Download in St. Petersburg, Russia

20 Sep

My second day in St. Petersburg, Russia. I woke early to another typical breakfast. Choice of cheap yogurts, fake coco-puffs, corn flakes, salami, crusty breads, old cheeses, instant coffee and heavy cream. After filling up, I head down the street in search of the International Hostel. There, I’m to meet a Russian tour guide to take me on a walk through St. Petersburg. A Canadian named Kat joins me and together with Nicoli we set off to see the city. Nicoli asks if there is anything in particular we wanted to see or do. Kat wanted to see graffiti. Bizarre. I told him, I wanted his brain. That’s it.

Nicoli is born and raised in St. Petersburg. He’s around 37 and very well traveled. He’s driven across the US and through South America. So, when he gives the US a hard time – well, he can. He’s probably seen more of it than many US citizens.

We go in search of graffiti. The purpose of the tour is to see things that aren’t truly historical. Meaning, we stay out of museums and churches – that is the trendy churches. We did happen upon a church built by Peter the Great – only four churches stayed standing under Stalin – and this was was adorned on the outside by Turkish cannons and guns. Nice. It was a gift.

As we walked, I asked him about Russia’s history. We started with the civil war and revolution. They used these words interchangeable. He began with WWI and said that Russia really did not want to get involved in the Ottoman break up and Balkan mess. The Germans “made them” for the Hungarian – Austrian empire was going to divide up the Balkans and the Germans wanted a large share, so the Russians had to get their share too. WWI, technically never ended, which gave way to WWII. Russia did not want to go to war with Hitler because they had their own civil of war of sorts going on at home. Stalin was purging Russia…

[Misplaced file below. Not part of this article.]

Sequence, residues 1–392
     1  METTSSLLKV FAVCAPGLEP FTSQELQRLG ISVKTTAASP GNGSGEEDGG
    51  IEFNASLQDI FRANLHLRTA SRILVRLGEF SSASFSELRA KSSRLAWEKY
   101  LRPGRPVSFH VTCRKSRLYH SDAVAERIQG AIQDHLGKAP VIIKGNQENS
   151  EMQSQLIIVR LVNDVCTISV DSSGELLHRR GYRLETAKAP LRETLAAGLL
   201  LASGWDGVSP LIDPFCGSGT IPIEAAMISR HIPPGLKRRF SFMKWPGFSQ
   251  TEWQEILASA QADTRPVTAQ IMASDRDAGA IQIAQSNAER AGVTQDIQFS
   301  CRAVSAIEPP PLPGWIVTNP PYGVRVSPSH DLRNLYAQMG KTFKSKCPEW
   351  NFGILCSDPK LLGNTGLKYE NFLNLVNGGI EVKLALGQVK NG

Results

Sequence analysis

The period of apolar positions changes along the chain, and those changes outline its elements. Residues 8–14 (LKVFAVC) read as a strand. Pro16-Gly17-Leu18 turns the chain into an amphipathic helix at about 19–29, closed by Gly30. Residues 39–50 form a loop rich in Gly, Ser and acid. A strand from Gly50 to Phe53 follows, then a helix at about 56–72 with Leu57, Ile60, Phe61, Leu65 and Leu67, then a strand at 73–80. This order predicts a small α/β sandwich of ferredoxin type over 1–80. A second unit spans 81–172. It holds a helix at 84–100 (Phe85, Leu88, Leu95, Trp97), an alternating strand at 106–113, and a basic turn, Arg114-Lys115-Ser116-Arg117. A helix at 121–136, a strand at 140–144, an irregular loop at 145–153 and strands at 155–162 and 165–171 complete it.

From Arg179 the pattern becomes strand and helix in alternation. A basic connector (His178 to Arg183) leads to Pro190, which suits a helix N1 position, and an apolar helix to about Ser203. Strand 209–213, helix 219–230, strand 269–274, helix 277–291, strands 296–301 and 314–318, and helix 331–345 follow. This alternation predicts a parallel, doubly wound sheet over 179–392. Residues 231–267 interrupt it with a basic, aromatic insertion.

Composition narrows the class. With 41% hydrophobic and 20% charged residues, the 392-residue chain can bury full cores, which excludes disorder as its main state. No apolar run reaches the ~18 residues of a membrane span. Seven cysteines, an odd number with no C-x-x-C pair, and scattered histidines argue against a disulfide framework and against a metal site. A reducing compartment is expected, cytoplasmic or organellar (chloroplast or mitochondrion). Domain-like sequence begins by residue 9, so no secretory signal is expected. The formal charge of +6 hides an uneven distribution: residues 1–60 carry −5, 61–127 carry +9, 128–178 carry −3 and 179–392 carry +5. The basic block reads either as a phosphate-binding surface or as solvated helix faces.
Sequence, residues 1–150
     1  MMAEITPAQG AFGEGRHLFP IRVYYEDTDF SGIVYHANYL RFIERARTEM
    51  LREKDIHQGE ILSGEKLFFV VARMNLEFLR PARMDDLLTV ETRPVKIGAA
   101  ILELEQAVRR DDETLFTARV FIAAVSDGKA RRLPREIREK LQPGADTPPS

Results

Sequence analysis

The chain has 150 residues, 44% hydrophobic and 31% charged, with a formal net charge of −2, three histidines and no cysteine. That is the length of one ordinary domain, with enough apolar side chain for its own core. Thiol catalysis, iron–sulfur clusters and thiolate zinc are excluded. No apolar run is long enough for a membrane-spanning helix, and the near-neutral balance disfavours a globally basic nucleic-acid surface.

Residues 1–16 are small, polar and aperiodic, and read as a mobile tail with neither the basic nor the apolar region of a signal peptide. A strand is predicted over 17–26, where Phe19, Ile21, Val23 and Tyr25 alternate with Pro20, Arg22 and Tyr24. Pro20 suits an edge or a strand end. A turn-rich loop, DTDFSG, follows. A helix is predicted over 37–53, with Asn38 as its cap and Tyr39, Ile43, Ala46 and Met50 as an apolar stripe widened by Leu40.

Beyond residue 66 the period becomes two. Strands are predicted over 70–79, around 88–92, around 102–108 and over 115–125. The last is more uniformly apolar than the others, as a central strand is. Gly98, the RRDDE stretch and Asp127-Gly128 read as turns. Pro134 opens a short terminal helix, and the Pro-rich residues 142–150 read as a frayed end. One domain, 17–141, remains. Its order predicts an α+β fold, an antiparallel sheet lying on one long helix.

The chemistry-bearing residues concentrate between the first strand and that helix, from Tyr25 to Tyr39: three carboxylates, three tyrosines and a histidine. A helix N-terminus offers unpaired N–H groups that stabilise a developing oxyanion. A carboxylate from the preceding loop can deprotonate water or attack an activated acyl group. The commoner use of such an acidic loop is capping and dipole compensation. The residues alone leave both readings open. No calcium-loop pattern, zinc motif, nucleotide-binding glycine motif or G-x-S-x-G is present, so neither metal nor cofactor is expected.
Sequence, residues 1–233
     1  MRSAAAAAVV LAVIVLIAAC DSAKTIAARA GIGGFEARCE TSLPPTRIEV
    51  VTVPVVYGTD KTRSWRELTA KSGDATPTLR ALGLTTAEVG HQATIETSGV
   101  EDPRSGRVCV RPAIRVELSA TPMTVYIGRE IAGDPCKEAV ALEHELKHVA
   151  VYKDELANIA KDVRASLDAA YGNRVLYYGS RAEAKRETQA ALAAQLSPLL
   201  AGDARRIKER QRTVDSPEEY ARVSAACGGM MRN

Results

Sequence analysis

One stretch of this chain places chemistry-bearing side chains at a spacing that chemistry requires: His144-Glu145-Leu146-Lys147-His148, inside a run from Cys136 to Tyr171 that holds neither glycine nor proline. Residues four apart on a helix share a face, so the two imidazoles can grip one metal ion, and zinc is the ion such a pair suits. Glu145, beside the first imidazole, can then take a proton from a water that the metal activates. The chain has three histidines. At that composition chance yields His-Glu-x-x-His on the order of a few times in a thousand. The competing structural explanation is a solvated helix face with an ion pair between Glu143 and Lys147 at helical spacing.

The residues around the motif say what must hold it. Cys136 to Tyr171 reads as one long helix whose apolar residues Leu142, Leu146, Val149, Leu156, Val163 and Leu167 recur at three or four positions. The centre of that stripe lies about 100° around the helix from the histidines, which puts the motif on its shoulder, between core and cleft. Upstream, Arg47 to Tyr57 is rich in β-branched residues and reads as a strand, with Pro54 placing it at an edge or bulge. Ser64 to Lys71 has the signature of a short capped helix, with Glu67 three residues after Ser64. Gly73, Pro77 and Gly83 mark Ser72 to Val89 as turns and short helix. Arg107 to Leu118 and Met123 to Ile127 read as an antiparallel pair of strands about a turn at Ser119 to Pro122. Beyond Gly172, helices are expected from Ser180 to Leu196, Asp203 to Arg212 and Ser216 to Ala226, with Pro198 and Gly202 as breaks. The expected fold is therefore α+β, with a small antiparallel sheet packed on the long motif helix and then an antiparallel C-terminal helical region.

Back to WWI. This was the time when the Tsars of Russia were loosing control over Russia. They were internally imploding and the working class were demanding rights. Lenin was in Germany waiting for the perfect time to come in under the umbrella of the party of the working class – Soviets – to brand his government idealism. Germany saw Lenin as their puppet and saw him as weak and controllable. Little did they know. The story goes is that Lenin and his men knocked on the Tsar’s door in St. Petersburg, they left, no bloodshed. Nicoli said that Lenin and his crew rewrote history and said that there was a revolution because people needed a huge revolutionary event to rally behind. Nicoli went on to say that all of Russian and Soviet history has been rewritten and it is only in the past years that they are seeing the horrors and lies of their past. When you walk down the street, a seething sense of injustice is written on their faces. These people don’t smile. I mean – never. Not even the couples that are “in love” and holding hands. No expressions. Stone.